To enable Larry to make an apples-with-apples comparison of all three B&W printing approaches, I’ve reprinted the ABW version with a curve applied in Photoshop that corrects for the non-linearity of ABW, so that its overall tonality matches the other two prints, and so you can compare it more precisely to P2/K6 & QTR-K3-OEM. [I have a spreadsheet that takes the numbers in a linearisation check, inverts them, expands the range from (dmin,dmax) to (0,100) and gives me the points to use in a Photoshop curve. A technique I sometimes used before the advent of the relinearisation droplet.]
I’ve also printed the image using P2/K6 with a Photoshop curve applied that mimics the non-linearity of ABW, as another way to get the two printing approaches closer, to enable a fairer comparison.
The matched prints are not exact, as despite my best efforts and my spreadsheet and my relinearised QTR curves, it’s still an approximate match, and the three printing approaches render neutral quite differently, ABW being noticeably cool. But I think they’re as close as they can reasonably be made to be, and hopefully will assist Larry to make an informed choice.
This is a very good example of the “virtual acuity” increase that you get from ABW even though the Piezography system has 3 times the resolution and can actually resolve much finer details. (And why I’ve spend so many years going nuts for piezo.)
Brian has spent a lot of time preparing his ABW version of my print to best match the piezography print. l look forwards to comparing them.
I now better understand why piezo works better for larger prints. It needs to be large enough to draw you from a distance, and as you get closer you become aware of more subtleties. l hope, for the sake of piezography, you’ll be able to crack the large format Surecolor printers. (There should be some kid in Russia that could do this for you?)
Not that much time. Doing this by trial and error would be tedious. It’s not that hard to do with a spreadsheet that takes the linearisation result from QTR-Linearize-Data.exe and constructs a Photoshop curve that offsets any non-linearity. It may not be 100.00% exact, but by golly it’s close.
I wanted to add something about the comparisons of the three prints. I just put on my display the original TIFF (not colour managed, because LR won’t resolve images at that high magnification) at an equivalent magnification as the three crops I’ve posted. The only image that is TRUE to the image is the piezography print. What this means is that what editing you do really, truely shows up in the print.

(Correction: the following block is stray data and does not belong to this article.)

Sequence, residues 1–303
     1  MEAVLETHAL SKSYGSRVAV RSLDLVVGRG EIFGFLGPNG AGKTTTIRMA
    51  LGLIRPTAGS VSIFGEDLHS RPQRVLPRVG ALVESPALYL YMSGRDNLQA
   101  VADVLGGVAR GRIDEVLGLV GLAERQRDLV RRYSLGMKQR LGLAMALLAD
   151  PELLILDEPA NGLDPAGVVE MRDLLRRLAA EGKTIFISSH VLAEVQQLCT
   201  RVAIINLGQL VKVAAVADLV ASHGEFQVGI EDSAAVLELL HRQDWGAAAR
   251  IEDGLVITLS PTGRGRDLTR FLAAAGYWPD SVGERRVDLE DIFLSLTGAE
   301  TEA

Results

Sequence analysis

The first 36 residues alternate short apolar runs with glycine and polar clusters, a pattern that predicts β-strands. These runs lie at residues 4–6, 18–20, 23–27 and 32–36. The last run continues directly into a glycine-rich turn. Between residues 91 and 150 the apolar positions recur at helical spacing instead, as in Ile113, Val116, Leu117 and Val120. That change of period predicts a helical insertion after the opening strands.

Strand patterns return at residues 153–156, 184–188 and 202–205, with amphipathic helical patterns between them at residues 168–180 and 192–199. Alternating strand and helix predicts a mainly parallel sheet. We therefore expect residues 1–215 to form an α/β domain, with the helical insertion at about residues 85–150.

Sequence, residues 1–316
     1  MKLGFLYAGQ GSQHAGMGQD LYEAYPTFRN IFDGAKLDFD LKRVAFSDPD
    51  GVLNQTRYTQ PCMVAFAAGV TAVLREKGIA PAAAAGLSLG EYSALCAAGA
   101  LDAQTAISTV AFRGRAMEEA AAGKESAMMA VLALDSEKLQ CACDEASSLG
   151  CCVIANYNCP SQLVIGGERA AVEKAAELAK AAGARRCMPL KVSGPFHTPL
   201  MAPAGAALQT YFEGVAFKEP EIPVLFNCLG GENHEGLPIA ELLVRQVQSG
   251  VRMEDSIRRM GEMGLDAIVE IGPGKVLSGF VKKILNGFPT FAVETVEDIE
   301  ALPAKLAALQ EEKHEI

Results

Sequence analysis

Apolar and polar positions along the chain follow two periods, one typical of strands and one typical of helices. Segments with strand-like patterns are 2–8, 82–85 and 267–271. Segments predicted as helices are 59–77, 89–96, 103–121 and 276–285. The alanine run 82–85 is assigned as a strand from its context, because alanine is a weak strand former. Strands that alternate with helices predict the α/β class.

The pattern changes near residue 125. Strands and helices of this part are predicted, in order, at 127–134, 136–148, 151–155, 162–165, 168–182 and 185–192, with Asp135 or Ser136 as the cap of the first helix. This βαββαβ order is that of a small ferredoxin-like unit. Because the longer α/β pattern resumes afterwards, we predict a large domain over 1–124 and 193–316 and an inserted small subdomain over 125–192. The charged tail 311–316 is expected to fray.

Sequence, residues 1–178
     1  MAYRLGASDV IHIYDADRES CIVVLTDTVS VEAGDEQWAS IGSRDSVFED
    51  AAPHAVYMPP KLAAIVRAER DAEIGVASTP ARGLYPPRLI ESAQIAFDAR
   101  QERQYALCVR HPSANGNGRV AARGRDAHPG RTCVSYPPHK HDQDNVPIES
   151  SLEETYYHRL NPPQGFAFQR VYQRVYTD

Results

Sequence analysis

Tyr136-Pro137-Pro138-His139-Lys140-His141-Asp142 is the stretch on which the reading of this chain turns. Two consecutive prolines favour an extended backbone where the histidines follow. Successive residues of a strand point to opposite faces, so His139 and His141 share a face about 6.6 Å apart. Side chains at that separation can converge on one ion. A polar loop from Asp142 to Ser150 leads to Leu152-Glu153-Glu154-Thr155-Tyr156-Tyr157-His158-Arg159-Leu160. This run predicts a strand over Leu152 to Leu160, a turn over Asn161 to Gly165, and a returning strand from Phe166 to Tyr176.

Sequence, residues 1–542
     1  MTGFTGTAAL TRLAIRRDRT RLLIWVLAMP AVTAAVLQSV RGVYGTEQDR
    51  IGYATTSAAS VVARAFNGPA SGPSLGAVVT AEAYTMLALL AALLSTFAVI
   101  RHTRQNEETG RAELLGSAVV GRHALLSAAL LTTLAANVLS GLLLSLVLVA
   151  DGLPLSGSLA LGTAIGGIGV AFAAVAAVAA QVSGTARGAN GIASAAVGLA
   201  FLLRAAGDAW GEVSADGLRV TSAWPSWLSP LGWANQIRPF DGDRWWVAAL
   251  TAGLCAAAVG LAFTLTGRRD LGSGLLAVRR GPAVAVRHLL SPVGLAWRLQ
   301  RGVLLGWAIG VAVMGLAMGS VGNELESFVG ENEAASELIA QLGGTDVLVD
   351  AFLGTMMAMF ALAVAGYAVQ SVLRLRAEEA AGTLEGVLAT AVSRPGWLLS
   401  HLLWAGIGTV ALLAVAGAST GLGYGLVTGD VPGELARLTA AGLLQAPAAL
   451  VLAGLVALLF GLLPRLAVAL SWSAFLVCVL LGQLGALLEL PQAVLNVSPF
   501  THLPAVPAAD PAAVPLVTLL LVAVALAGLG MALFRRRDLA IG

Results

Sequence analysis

Here’s what seems to be happening in ABW, and probably a result of deep shadow crunching and highlight blowing. Beside a deep shadow there may be a dark-mid-tone. The ABW prints it as a mid-tone. All the relative tones seem off, creating harsher edges that I would want. I did not sharpen the image this way, this is what the techs at Epson want. They are playing artist!
The QTR-K3 print is more interesting, and the effects may be more my fault than QTR. I thought the smooth edges were really there until I looked at the digital image again. However, when I produced this print, I was playing with tone blending. I used 75% cool ilford for highlights, 75% neutral for midtones, and 75% warm for deep shadows. I suspect my actions here caused the tones along the edges to be “averaged”, smoothing the edge lines.
I found my QTR neutral on Ilford paper. The ink and shading was much more similar to that of the piezography print. That is to be expected because both piezography uses QTR, but without curve blending. The edges were not smoothened out like they were in the other QTR print where 3 curves were blended. This may be a warning to those using QTR K3… If you blend curves, it seems to mess with the ink layout quite a bit!
What my camera does not pick up is the dithering and colour inks added in the QTR K3 print. Piezography obviously excells in this regard.
Bottom line is:
ABW seems to be the worst way to print. It just doesn’t print what you’ve worked so hard to produce.